Asked about the vexed issue of the whereabouts rule, Andy Parkinson, who heads Ukad, offered the following observation: “There is no doubt whereabouts is intrusive, but as long as it’s proportionate to the risk of doping in sport, then it has a very valid place.” The problem, however, is that the anti-doping industry lost sight of the concept of proportionality long ago.

Drugs enhance performance through two principal mechanisms: by boosting strength (anabolic steroids, etc) and endurance (EPO, blood doping and the like). In single-dimension sports such as running, cycling, swimming and lifting, these can confer a material advantage. That is why drug cheating is endemic and a valid argument can be made that drug-free competition in these sports demands all the measures at the disposal of Wada.

But in the vast majority of sports — tennis, football, badminton, hockey, cricket and so on — the gains of prohibited substances are far less certain. Roger Federer is not the best tennis player in the world because he has superior muscles or more oxygenated blood, but because of the sophistication of his timing and perceptual awareness. These attributes are immune to the chemical promptings of drugs, which is why doping is so much rarer in such sports. (The same applies to football. Lionel Messi could have the endurance of Hercules and the muscles of Achilles, but it would not help him to kick a football any more accurately.) In effect, tennis players, footballers and the like are being asked to pay an intolerable price in fear, paranoia and institutional intrusion for transgressions that have taken place in sports with entirely different risk profiles. Wada likes to call it harmonisation, without seeming to realise, much less care, that by creating a one-size-fits-all regime tailored for the lowest common denominator, it has torn to shreds the legal principle of proportionality.

Some will say that professional sportsmen are at perfect liberty to retire from whatever sport they happen to be playing if they do not like the prevailing rules of the game, but there is a more attractive option at their disposal. They should tell Wada to take a running jump — and thus gain possession, once again, of their lives and liberties.

6 comments:

  1. I'm sure that, like Syed, Floyd Landis would argue that "The problem, however, is that the anti-doping industry lost sight of the concept of proportionality long ago."

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  2. I disagree with the notion that only endurance sports are likely to have a doping problem. In fact, that's pure nonsense. If two players (or two teams) are equal in skill, the more fit one should prevail. And if you accept that doping enhances performance, you can see clear reasons why it would help with that aspect.

    Whether it's striking a tennis ball faster, running quicker or longer on a football field or even driving a golf ball further, banned substances can aid sports performance. In addition, many of those other sports listed as reduced risk have actually far more cash at stake. That's a pretty big carrot.

    And tennis? Nadal may call for less severe monitoring but, after all, he was rumoured to have been a patient of a certain doctor in Madrid...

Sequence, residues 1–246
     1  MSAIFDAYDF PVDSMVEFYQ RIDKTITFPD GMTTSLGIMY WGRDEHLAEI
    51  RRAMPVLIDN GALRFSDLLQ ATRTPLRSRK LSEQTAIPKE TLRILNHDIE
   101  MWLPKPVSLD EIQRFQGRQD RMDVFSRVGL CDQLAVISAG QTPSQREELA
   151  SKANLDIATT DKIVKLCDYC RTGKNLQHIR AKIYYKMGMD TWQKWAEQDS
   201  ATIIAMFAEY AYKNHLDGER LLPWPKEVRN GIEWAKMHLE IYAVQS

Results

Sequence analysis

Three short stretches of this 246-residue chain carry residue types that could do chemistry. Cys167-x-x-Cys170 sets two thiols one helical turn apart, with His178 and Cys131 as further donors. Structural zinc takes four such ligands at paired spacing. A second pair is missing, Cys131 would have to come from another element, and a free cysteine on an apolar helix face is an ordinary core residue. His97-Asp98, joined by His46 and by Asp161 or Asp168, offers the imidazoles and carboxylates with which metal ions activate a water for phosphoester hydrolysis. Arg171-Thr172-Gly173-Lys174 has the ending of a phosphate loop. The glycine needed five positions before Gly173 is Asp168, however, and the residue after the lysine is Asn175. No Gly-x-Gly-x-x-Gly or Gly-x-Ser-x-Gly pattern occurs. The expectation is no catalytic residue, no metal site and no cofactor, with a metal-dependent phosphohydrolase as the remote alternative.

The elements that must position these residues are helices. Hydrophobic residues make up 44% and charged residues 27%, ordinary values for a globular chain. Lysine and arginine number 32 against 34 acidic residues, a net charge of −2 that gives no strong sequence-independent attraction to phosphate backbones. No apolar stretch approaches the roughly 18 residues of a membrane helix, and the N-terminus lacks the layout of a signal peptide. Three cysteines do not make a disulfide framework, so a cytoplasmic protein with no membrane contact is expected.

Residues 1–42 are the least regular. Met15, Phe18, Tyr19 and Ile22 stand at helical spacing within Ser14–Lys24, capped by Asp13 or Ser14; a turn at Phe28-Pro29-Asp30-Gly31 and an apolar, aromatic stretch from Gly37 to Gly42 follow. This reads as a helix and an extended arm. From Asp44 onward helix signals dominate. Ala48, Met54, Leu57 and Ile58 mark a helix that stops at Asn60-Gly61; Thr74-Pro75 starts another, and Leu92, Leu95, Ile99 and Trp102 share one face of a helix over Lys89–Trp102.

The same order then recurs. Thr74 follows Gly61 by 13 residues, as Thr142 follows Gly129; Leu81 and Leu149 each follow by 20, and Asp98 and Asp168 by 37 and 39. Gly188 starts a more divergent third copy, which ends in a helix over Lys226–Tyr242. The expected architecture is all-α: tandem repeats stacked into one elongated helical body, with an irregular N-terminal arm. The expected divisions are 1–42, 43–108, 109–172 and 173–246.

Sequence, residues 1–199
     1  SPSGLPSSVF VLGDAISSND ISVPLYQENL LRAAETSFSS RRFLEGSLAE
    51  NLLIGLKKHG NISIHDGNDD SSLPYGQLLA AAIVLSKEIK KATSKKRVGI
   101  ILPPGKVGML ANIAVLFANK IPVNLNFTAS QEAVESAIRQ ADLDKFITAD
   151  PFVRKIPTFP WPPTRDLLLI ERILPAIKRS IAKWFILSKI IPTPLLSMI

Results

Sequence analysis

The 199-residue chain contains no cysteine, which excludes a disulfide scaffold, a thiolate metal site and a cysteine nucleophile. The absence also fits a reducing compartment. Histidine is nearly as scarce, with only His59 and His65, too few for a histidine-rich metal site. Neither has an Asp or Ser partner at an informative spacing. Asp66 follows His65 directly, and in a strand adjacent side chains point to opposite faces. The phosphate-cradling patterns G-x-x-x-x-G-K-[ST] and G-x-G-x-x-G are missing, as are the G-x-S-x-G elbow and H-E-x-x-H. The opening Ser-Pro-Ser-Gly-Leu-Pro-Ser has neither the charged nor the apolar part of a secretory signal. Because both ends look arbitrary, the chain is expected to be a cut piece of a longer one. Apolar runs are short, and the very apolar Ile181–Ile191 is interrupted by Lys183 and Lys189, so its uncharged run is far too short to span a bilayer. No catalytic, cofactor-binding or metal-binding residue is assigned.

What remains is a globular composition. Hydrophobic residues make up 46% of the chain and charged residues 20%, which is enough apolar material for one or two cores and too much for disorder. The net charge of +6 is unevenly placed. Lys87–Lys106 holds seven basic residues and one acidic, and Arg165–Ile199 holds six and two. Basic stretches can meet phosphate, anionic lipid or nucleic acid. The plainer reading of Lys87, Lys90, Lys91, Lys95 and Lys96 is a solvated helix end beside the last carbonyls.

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  3. i get drug tested at work, and not only do i have to tell them where i'll be for 8 hours a day, but i have to be here at work, and they're allowed to come check up on my at any time. it's something i signed up for, not something that was forced on me, so it's hard to complain. nobody has to comply with wada to ride bikes, or even make a living riding bikes (you could be a bike tour guide...). now, if you want to ride bikes in such a way that, and within a system in which, people give you money for your performances, there are bound to be some rules, a little give and take if you will. if it's too much give and not enough take for you, find something else to do.

    the argument that it's become too much, or too overbearing would resonate more with me if i didn't read about a new doping positive every other week. it's like saying that there is too much airport security even if there were terrorist attacks every two weeks. it would seem to me that the current system is not invasive enough if people still manage to hide their doping. maybe invasive is not the best word, how about effective?

    and the "it doesn't help sports like tennis or soccer" argument is just plain wrong. you may not be able to take drugs to make you hit the ball more accurately, but you certainly can take drugs to make sure that when the 5th set comes around, you can still run from one side of the court to the other in time to hit the ball, or outsprint a defender to the ball in the 89th minute of a soccer game.

    my view on the whole thing is this: prosecute dopers for fraud/theft, which is what doping is (one count for every person involved in the race), give them jail time (remember marion jones, she sang like a canary when the threat of jail time came up), test all samples retroactively, for ever, one doping offense = get any mention of the doper off all previous record books/race results. then we'll see who's willing to put their freedom and legacy at stake.

    my two cents.

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  4. Excellent comments so far, very true. Doping can enhance performance in almost every sport. After all, even Biathlon is enhanced by drugs which lower the heart-rate and allow for steadier aim.

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  5. It's an empty argument which ignores the proven cases of doping in Italian football and the systematic abuse of cortisone injections in the sport throughout the last 50 years.

    Not to mention that it turns away form any evidence on the effects of fatigue on performance. It's not for nothing that the England cricket team spend a fortune now on fitness and conditioning work. So to pretend that doping could have no benefit beggars belief.

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  6. Very true, Alex. Who do you think that he is writing for, or why? Wonder what his motivation was in writing that piece.